William Cullen Bryant


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Bryant, William Cullen

 

Born Nov. 3, 1794, in Cummington; died June 12, 1878, in New York. American poet. One of the initiators of the romantic movement in American literature. Son of a doctor.

Bryant began to publish at age 13. The collection Poems (1821) was influenced by the “cemetery” poetry of E. Young and T. Gray and the lyrics of W. Wordsworth (the poem “Thanatopsis,” 1821; the stanzas “To a Waterfowl,” 1815). Bryant created beautiful pictures of American nature and village life in verse meditations in traditional form. In the poem “The Ages” (1821) the poet expressed his dream of the coming golden age.

Bryant hailed national liberation struggles in Greece, Spain, and Italy, supported the struggle of workers against capitalism, and demanded an end to slavery in the USA. He published Letters of a Traveler (1850). Bryant was one of the best English translators of Homer.

WORKS

The Complete Poems. New York, [1894].
In Russian translation:
In Zenkevich, M. Iz amerikanskikh poetov. Moscow, 1946.

REFERENCE

Istoriia amerikanskoi literatury, vol. 1. Moscow-Leningrad, 1947.

A. IA. SERGEEV

References in classic literature ?
1] This poem does not appear in the collected works of William Cullen Bryant, nor in the collected poems of his brother, John Howard Bryant.
The duo launched the first program at William Cullen Bryant High School in Long Island City, New York on Oct.
Other Anglophone writers, including Whitman's compatriots William Cullen Bryant, Edgar Allan Poe, Henry Wadsworth Longfellow, and Fanny Fern were closer at hand, but Schmidgall implies (by making them outside the pale) that they were less engaging and less pressing.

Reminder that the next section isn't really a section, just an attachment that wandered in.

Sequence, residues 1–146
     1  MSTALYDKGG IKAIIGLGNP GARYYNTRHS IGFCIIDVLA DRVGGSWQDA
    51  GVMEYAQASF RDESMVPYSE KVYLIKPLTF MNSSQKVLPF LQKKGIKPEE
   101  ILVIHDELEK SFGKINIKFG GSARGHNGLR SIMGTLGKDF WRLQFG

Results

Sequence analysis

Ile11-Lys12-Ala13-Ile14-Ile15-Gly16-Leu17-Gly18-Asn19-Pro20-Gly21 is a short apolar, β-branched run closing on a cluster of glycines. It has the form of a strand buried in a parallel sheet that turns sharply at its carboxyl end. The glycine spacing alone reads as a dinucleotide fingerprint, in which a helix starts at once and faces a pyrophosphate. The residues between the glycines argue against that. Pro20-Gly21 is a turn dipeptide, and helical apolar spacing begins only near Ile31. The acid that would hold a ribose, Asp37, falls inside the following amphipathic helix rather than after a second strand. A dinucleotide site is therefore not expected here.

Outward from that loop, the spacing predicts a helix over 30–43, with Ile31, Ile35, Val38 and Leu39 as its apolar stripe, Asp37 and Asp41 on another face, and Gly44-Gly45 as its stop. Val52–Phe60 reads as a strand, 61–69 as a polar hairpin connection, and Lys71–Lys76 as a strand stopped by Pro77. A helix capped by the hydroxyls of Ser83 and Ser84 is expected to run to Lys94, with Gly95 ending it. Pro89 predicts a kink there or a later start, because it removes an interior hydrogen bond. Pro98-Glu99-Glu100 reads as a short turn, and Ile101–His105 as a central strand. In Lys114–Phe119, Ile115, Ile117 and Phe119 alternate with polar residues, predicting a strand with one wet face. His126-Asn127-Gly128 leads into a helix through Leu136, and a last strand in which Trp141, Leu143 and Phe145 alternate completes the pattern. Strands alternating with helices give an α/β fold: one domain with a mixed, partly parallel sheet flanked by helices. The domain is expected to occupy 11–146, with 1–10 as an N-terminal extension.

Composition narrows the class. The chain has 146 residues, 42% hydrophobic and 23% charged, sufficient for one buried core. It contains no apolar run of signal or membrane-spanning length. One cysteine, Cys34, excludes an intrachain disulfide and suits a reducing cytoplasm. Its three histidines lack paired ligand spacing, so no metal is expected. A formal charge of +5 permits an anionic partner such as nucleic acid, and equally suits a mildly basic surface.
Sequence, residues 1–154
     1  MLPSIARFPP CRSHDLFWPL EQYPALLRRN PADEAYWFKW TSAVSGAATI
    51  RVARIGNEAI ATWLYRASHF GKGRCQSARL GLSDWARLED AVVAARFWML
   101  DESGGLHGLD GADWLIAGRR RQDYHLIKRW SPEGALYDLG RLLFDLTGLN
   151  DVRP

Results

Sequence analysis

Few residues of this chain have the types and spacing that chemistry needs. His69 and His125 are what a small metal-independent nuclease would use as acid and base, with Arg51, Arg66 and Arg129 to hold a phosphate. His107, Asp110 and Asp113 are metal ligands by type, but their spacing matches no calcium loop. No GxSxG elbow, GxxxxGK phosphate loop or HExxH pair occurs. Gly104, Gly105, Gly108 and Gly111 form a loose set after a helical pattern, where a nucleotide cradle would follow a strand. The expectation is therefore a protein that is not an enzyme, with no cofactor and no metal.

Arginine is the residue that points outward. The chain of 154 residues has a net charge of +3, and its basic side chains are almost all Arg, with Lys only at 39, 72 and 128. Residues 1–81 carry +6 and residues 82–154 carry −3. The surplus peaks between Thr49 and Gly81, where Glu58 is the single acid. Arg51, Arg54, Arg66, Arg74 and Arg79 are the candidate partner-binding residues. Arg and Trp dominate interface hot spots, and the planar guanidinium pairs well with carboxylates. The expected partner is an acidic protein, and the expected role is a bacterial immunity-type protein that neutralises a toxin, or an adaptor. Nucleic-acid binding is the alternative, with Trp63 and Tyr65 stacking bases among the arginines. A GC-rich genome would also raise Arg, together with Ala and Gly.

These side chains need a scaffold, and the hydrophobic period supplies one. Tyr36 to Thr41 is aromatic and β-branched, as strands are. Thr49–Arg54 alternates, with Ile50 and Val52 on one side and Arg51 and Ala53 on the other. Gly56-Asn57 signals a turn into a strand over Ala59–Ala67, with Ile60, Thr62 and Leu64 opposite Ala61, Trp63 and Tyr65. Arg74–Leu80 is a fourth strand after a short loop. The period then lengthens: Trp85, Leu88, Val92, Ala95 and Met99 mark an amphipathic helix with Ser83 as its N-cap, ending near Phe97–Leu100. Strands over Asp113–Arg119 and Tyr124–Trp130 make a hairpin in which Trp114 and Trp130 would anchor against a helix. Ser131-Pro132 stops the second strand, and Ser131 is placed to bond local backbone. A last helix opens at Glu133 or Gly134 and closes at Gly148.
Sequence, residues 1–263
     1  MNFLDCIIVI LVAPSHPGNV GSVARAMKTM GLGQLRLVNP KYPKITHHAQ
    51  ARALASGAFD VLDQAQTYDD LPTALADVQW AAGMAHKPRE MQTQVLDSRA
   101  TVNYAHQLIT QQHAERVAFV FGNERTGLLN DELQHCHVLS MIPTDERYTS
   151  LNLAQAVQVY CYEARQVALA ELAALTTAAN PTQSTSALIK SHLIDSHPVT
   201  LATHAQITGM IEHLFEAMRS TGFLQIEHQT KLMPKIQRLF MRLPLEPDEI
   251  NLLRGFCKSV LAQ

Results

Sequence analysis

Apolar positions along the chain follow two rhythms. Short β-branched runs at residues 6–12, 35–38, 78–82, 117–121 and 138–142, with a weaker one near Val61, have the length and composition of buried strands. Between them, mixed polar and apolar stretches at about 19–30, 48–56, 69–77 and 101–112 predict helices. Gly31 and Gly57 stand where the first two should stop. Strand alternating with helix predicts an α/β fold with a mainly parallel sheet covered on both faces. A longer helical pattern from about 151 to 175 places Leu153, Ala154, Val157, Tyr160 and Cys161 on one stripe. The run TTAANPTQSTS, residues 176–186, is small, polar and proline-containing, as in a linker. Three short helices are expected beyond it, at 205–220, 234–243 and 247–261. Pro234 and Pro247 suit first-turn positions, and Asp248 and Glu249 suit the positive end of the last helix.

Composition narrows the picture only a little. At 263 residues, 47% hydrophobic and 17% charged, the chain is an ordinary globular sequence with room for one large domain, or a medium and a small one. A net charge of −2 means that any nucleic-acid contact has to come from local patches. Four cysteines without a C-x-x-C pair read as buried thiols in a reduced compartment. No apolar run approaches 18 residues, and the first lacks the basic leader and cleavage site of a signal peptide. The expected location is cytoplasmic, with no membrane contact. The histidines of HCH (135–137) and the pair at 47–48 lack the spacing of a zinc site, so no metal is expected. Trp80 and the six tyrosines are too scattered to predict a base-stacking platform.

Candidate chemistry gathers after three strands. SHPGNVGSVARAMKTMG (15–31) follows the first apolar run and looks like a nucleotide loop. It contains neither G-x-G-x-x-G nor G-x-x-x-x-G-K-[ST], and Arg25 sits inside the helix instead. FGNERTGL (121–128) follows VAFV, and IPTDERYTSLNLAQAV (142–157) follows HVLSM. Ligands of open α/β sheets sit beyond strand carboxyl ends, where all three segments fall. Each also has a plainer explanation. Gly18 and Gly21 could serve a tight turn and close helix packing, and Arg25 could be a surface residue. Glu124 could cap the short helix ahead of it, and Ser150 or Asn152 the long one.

What's more, in 1843, Charity's nephew, the celebrated poet, journalist, and editor William Cullen Bryant, published an account in the New-York Evening Post of these two "maiden ladies" who "took each other as companions for life;" linked by a bond "no less sacred than the tie of marriage.
CUMMINGTON -- If the walls of the William Cullen Bryant Homestead could talk, they would probably let out a sigh of relief -- or at least a proud ''Look at me.
Sedgwick's selection of poetry by Eliza Lee Cabot Follen, William Cullen Bryant, and Fitz-Greene Halleck for Hope Leslie's title page and chapter epigraphs situates her novel in the context of the burgeoning New England Romantic movement.
Fenn is best known for the engravings he contributed to "Picturesque Europe", "Picturesque Palestine, Sinai and Egypt" (1881-84) and "Picturesque America" (edited by William Cullen Bryant, 1872).
IN THESE BELT-TIGHTENING TIMES, some might say that Varun Kumar, the technology coordinator at William Cullen Bryant High School in Queens, NY, has it good.
William Cullen Bryant is less a critical biography of its subject than a large chapter of Americana spanning almost a century of tumultuous nation-making events: the completion of the Erie Canal the Amistad affair the rise of New York City and the Civil War.
First we hear poet laureate William Cullen Bryant and journalist Sydney Howard Gay wrangling over their collaboration on Bryant's Popular History of the United States as what had seemed an ideal combination--Bryant's poetic, theatrical storytelling and Gay's dispassionate scientism--emerged as almost irreconcilable difference.
44) Already William Cullen Bryant had promised "To him who in the love of Nature holds/Communion with her visible forms, she speaks/A various language[.
Nineteenth-century poet William Cullen Bryant knew of the need for eternal vigilance when he wrote, "Not yet, O Freedom